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Starting a landscaping business

landscape gardening

Unpredictable weather and rain that's "good for the garden" - gardening in the UK continues to blossom, but people have little time for the upkeep.

Accomplished landscaping project manager Steven Davis says: "Here's a chance for home based entrepreneurs to enjoy an outdoor career and a healthy lifestyle."

Gardening contractor Michael Richins started his business, Montague Gardens, six years ago. "I got into landscaping when I bought my house - the garden was a real mess," he says. "I became interested in the gardening world and did two years training with a maintenance company."

Before long, Richins developed self-taught tools of the trade and tried his hand at starting his own garden maintenance business.

Similarly, the owner of London Landscapes and London Garden Rooms, Steven Davis, began a gardening venture, albeit under different circumstances. Having trained in horticulture, brick-laying and garden design, Davis' 20 years of experience, along with the help of a dedicated team, saw him grow a successful business.

Advice

Well placed to offer advice on the subject, Davis implores would-be gardening entrepreneurs to "work under a good landscaper, do an apprenticeship, go to college, get the most qualifications and experience you can. Once you've been in the industry for five to 10 years, you can naturally progress to starting your own business."

While I'm working on a job people passing will come over and book me to do their gardens - it's amazing

Michael Richins, gardening contractor

Richins also believes entrepreneurs should build up their company on a personal level. "To start with you need to work your business and get a feel for the manual labour. People are paying for you as a person, your talent and skills - particularly private clients. Customers like a personal service."

This 'personal service' is how Richins has built a successful clientele: "While I'm working on a job people passing will come over and book me to do their gardens - it's amazing. A key point marketing your business is recommendation." But conversely, Davis warns: "You must also maintain a gradual natural progression in your business, as a good reputation takes years to circulate, but a bad reputation spreads like wildfire."

There's no need for an office necessarily - a back bedroom will suffice, and the chance to enjoy the outdoors is one of the many advantages of a work-from-home business.

Richins details his plans: "I want to make an allotment, use plant cuttings and grow my own supplies. Garden centres are costly and if you put extra effort in you could make more money, and save your clients' costs."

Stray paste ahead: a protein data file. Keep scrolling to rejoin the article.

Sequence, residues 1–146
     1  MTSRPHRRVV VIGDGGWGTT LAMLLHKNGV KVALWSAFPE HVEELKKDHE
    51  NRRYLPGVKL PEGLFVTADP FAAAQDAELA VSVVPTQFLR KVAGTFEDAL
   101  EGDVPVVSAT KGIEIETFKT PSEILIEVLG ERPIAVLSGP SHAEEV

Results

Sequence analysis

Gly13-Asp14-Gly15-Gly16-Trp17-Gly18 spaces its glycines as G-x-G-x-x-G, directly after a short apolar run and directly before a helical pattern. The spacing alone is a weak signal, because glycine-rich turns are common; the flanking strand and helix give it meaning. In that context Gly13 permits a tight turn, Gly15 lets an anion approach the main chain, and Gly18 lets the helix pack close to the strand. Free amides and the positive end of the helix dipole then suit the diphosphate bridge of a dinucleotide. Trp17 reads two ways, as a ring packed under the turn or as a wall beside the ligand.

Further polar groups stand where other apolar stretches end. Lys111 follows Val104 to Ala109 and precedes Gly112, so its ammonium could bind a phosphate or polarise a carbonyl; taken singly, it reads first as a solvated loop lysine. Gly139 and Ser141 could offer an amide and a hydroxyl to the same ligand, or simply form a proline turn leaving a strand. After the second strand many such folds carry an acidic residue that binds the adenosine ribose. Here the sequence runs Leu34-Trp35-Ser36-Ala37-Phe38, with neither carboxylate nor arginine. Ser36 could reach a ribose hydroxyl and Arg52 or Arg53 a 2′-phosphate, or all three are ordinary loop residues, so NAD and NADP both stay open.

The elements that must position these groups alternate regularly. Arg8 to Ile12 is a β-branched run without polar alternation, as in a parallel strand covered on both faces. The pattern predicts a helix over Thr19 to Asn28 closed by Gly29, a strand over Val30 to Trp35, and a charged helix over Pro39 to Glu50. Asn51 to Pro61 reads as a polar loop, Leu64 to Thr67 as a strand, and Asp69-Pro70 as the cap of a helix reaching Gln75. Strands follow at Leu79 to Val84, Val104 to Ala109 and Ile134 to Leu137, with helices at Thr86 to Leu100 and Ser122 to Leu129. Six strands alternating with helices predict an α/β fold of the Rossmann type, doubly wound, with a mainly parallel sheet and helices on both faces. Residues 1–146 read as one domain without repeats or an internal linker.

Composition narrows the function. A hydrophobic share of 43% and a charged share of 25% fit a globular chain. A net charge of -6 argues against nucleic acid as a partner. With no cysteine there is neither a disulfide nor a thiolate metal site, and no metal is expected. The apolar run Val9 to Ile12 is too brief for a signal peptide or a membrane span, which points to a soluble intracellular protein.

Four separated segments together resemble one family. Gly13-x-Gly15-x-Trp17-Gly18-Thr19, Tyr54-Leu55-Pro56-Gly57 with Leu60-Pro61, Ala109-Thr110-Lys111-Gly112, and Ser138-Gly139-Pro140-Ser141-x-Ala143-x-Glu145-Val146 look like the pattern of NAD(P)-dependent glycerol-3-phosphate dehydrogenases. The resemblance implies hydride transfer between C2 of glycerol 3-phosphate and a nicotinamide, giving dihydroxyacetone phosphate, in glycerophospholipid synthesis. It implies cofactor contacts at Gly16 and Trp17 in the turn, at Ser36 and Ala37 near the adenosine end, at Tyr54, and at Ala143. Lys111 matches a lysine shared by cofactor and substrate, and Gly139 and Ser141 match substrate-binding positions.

When starting a garden maintenance business budding entrepreneurs should have a keen interest in horticulture to maximise success. Only if you are green-fingered should you consider your potential earnings.

Exactly how much can you earn in this industry? The sky's the limit.

The more work you put in the greater the earning potential. The average income for a well-run garden maintenance business is up to £40k a year. Lawn care and landscaping business owners generally earn up to £30k in their first year and can earn over £150k once they grow the business.

Steven Davis, who manages a London-based business, pinpoints location as a key asset: "We specialise in contemporary garden design and we're pitching top end, so we realistically need to be on the fringes of London.

"People laugh and say we do gardens of the rich and beautiful. I think it was actually me that said that. [laughs]"

Davis talks about the difficulties he comes across: "Speaking boldly, if you have a good member of staff you should do everything in your power to keep them and make them happy.

"I can't emphasise enough the false economy in not paying employees sufficient money to do a good job. It costs you so much more in the long run.

"Working the general public is also quite hard, because they're inexperienced in how the work is done, their expectations are beyond what's feasible."

Whatever problems there are, however, Davis insists that "the benefits outweigh the difficulties. The chance to work in different places, meet new people and create a unique project - these are all great aspects."

Michael Richins is just as effusive about the transformation of his garden maintenance business into a landscaping company, and with "two possible investors" circling there are prospects for yet further growth.

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